Fat Kids, Mom Ate Junk

A new study on rats has determined that mothers who eat junk food while pregnant or breastfeeding have obesity-prone children. WebMD reports:
"The maternal diet seems to influence and trigger events early in the life of their offspring," study researcher Stephanie Bayol, PhD, tells WebMD. "We found that by the end of their adolescence, the offspring from the junk-food-fed animals had increased blood sugar, blood fat, and decreased insulin sensitivity — all of which are associated with overweight and diabetes."

Bayol and colleagues at London's Royal Veterinary College gave pregnant rats normal rat chow. But they also gave them free access to cookies, chocolate, doughnuts, muffins, potato chips, candy, and cheese.

In earlier studies, they showed that the offspring of these rats liked high-fat, high-salt, high-sugar foods better than other rats. But the new studies show that even when never fed junk food themselves, the rats whose mothers ate junk food during pregnancy grew up fatter than normal rats.

"Their fat cells were larger, which might make them more prone to obesity and might make it harder for them to lose weight," Bayol says. "So there were lasting effects from their mother's consumption of junk food, even if they were not fed junk food after weaning."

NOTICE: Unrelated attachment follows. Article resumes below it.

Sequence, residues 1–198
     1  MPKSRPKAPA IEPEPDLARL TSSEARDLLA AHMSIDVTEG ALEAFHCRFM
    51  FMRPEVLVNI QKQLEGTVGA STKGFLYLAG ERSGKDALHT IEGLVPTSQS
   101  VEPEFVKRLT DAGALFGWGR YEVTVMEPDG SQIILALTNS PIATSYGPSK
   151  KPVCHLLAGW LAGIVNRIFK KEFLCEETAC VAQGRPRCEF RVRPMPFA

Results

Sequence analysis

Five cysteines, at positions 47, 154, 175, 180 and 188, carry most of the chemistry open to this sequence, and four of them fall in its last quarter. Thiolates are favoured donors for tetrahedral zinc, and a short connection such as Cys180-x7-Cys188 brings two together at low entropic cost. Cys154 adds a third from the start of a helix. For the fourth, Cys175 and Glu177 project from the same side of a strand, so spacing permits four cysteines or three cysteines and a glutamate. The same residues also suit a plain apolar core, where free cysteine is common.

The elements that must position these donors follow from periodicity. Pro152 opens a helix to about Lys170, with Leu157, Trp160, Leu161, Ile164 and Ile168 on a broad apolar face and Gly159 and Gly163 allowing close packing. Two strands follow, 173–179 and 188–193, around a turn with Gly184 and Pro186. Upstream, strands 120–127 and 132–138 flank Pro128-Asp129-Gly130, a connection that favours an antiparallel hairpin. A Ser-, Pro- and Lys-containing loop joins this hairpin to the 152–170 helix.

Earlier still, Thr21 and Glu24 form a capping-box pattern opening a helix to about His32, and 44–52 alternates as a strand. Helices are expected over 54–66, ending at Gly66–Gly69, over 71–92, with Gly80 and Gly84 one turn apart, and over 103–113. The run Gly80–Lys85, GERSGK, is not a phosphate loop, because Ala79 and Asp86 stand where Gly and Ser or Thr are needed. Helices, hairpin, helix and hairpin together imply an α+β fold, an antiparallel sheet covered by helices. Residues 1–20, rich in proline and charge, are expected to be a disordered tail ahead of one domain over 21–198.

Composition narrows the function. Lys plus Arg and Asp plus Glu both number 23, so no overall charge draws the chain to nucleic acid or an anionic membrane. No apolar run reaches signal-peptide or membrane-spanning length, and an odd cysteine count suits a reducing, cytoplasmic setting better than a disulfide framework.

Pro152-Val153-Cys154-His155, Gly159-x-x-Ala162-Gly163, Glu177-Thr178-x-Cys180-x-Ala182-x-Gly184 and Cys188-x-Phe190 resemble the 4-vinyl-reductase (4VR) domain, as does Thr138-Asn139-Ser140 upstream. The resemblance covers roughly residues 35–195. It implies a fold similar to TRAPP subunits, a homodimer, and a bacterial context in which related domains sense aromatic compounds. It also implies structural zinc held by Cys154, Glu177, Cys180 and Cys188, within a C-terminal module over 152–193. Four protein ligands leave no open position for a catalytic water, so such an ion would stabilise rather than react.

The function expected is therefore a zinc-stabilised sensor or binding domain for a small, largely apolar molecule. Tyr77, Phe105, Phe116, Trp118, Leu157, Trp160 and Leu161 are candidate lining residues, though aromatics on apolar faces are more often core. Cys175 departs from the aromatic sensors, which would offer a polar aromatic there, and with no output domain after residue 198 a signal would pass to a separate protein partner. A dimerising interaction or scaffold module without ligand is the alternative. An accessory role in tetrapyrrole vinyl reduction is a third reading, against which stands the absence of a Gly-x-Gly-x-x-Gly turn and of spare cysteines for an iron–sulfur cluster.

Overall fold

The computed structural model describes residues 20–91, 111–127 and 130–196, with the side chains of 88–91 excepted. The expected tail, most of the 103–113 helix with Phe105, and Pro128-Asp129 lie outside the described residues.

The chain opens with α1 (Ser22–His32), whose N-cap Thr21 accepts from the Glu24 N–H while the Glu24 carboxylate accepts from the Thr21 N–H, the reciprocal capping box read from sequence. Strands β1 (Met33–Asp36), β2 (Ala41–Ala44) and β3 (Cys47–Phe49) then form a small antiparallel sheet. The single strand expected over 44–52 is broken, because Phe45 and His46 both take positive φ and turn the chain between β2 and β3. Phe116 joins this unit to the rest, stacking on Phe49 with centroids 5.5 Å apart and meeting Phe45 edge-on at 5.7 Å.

There’s been a lot of news about diet and pregnancy lately, especially when it comes to the baby’s long term health. Check it out:
Seems like a good reason to ALWAYS eat healthy.
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diane lassen - July 22, 2008 8:00 AM

I am an RN specializing in women's health as well as a health counselor, and I spend most of my days with pregnant ladies. I find it very difficult to impress upon them the need to not only avoid the obvious bad things like cigarettes, alcohol and caffeine, but also junk foods, processed foods etc. I do everything I can to encourage them to eat more fruits and vegetables, to include beans and seeds and nuts in the diet, but I have to admit, they are slow to jump on board. Oh, I have a handful of women who have healthy eating habits to start off, but the vast majority do not. Articles like this hopefully will give them incentive to care about what they eat while they are growing a baby!
thanks for the resources.
Diane Lassen, RN, HHC

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